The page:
#childsafety | Children’s book by Great Falls woman aims to help families coping with loss


National Review

Rep. Ilhan Omar: Chauvin Trial ‘Feels Like a Closed Case’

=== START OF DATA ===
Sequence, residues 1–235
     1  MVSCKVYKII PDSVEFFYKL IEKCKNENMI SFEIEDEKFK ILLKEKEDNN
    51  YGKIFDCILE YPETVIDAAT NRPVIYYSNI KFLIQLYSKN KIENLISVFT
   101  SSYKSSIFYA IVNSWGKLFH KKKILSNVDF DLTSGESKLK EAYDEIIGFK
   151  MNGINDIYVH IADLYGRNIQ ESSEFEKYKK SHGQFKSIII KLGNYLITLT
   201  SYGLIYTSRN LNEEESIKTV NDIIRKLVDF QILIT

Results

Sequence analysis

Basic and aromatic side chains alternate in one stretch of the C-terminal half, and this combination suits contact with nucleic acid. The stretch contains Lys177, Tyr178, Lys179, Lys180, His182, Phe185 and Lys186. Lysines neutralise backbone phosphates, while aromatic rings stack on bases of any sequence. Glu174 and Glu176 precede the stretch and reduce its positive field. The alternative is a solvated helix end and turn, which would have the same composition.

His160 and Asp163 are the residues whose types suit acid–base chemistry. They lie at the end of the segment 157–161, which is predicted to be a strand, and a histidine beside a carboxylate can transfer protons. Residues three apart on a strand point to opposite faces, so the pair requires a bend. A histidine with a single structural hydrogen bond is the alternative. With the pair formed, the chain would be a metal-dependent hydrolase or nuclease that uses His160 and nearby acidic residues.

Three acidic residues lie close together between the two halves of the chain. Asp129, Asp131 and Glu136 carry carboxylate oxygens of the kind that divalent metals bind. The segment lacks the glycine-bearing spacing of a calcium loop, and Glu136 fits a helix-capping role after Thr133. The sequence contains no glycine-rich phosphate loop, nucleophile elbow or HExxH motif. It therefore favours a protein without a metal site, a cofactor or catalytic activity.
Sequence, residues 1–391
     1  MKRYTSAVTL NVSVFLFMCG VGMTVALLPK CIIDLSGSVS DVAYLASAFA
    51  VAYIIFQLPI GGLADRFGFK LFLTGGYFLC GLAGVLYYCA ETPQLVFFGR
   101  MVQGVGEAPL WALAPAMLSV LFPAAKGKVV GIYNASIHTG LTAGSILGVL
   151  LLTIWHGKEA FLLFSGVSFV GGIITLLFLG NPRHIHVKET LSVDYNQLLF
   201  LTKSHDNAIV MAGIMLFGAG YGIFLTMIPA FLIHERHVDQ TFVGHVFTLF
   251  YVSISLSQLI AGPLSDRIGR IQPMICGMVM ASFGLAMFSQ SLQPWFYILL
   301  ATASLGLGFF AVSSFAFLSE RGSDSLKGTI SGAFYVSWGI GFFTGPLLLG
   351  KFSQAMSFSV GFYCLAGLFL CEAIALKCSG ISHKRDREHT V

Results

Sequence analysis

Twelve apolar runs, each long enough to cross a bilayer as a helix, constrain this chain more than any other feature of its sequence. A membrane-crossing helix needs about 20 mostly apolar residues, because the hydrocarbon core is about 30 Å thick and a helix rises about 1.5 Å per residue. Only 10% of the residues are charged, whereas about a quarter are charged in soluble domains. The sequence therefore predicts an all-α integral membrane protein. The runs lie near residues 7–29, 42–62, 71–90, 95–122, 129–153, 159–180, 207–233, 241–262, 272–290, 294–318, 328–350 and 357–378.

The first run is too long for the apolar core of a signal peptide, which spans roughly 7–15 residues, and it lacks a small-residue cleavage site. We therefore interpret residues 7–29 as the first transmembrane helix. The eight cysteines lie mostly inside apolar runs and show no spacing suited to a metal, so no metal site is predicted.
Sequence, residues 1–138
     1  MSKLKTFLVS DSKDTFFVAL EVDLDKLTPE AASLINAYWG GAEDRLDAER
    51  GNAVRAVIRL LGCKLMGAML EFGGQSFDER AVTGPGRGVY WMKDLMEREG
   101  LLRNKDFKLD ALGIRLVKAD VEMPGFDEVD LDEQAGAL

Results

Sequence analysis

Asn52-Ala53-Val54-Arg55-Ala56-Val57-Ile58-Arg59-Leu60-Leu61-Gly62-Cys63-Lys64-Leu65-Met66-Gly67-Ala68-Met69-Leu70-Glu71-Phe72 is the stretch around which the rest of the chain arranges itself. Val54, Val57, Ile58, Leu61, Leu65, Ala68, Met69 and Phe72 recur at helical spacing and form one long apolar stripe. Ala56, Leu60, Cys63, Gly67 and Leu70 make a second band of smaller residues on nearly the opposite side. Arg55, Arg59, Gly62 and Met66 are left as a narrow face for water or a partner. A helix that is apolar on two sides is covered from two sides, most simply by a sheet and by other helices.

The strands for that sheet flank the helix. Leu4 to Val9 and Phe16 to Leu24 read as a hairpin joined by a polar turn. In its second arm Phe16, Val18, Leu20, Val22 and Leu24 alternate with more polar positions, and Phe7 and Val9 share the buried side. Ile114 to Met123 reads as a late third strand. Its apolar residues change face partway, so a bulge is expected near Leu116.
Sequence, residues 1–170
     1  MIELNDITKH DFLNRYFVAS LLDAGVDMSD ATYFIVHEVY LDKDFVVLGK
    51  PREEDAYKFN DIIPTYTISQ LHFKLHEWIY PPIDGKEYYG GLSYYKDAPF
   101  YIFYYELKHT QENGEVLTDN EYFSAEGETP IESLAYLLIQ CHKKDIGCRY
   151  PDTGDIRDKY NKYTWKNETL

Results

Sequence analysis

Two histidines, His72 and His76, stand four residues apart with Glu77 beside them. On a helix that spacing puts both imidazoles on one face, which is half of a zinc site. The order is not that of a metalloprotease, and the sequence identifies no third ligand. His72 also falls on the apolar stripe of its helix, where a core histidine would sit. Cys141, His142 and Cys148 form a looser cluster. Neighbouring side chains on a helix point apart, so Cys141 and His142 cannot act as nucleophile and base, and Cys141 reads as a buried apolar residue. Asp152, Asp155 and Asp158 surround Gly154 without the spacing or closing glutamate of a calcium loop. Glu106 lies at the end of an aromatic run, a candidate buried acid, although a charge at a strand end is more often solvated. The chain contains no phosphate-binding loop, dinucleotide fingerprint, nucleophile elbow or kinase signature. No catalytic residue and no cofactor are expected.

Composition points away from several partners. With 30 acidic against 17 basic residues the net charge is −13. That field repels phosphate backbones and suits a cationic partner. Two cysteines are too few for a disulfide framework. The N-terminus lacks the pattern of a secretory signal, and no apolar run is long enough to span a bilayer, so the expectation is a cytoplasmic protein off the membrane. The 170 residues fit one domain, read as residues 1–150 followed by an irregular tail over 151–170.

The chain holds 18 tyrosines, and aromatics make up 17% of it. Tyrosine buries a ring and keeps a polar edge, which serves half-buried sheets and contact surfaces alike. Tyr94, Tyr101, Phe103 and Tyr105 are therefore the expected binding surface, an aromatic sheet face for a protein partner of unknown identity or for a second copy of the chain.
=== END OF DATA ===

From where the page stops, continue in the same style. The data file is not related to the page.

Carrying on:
Representative Ilhan Omar on Tuesday became the latest in a string of elected Democrats to weigh-in on the trial of Derek Chauvin, telling reporters in Brooklyn Center, Minn., that the case against the former police officer feels like a “closed case.” “This case, to me, feels like a closed case, where it shouldn’t be really even a questioned whether there will be an acquittal or a verdict that doesn’t meet the scale of the crime that was committed,” the Minnesota Democrat said. “I know that a majority of the community has trust in the leadership of Attorney General Ellison and the prosecutors… to be able to prosecute this case in a way that was dignified and just,” she continued. “The community is still on edge and feels that we are a community that has experienced injustice over and over again. This might actually be the turning point.” “The case, to me, feels like a closed case” Representative Ilhan Omar gives remarks about the Derek Chauvin Trial this morning in Brooklyn Center, Minnesota #BrooklynCenter #ChauvinTrial pic.twitter.com/3fKCY3IcVX — Brendan Gutenschwager (@BGOnTheScene) April 20, 2021 Chauvin is charged with second and third-degree murder, as well as manslaughter in the killing of George Floyd. Omar did not specify which charge she believes Chauvin is guilty of. Omar’s comments came just hours after President Joe Biden said that the evidence against Chauvin was “overwhelming” and that he was “praying” that “the right verdict” would be reached. Speaking to protesters in Brooklyn Center on Saturday, Representative Maxine Waters (D., Calif.) told the crowd to “get more confrontational” if Chauvin was acquitted. She was chastised on Monday by the judge presiding over the Chauvin trial, who said her comments to protesters were “abhorrent” and could lead the trial to be overturned on appeal. Omar said she hoped the verdict would come soon, so “the community can begin the process of healing.” Law enforcement and officials in the area anticipate unrest and protest if the jury returns a decision of “not guilty.”





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